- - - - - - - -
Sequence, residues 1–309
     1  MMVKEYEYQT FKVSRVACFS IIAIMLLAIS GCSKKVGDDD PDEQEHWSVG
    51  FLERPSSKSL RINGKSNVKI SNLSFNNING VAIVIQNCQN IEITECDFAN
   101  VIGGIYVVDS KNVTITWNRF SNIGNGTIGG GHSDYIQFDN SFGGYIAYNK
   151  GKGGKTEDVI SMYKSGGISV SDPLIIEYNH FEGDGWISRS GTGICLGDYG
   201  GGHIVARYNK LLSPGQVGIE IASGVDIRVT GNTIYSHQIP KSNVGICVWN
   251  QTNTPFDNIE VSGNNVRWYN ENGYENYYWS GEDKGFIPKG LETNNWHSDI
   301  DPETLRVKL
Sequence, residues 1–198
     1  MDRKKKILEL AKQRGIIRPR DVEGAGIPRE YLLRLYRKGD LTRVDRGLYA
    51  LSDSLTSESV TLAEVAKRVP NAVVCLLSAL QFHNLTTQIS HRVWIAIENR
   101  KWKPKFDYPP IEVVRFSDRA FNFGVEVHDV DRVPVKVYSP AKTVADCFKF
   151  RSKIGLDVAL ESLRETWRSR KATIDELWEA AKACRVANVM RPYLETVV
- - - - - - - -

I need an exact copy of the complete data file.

Sequence, residues 1–309
     1  MMVKEYEYQT FKVSRVACFS IIAIMLLAIS GCSKKVGDDD PDEQEHWSVG
    51  FLERPSSKSL RINGKSNVKI SNLSFNNING VAIVIQNCQN IEITECDFAN
   101  VIGGIYVVDS KNVTITWNRF SNIGNGTIGG GHSDYIQFDN SFGGYIAYNK
   151  GKGGKTEDVI SMYKSGGISV SDPLIIEYNH FEGDGWISRS GTGICLGDYG
   201  GGHIVARYNK LLSPGQVGIE IASGVDIRVT GNTIYSHQIP KSNVGICVWN
   251  QTNTPFDNIE VSGNNVRWYN ENGYENYYWS GEDKGFIPKG LETNNWHSDI
   301  DPETLRVKL
Sequence, residues 1–198
     1  MDRKKKILEL AKQRGIIRPR DVEGAGIPRE YLLRLYRKGD LTRVDRGLYA
    51  LSDSLTSESV TLAEVAKRVP NAVVCLLSAL QFHNLTTQIS HRVWIAIENR
   101  KWKPKFDYPP IEVVRFSDRA FNFGVEVHDV DRVPVKVYSP AKTVADCFKF
   151  RSKIGLDVAL ESLRETWRSR KATIDELWEA AKACRVANVM RPYLETVV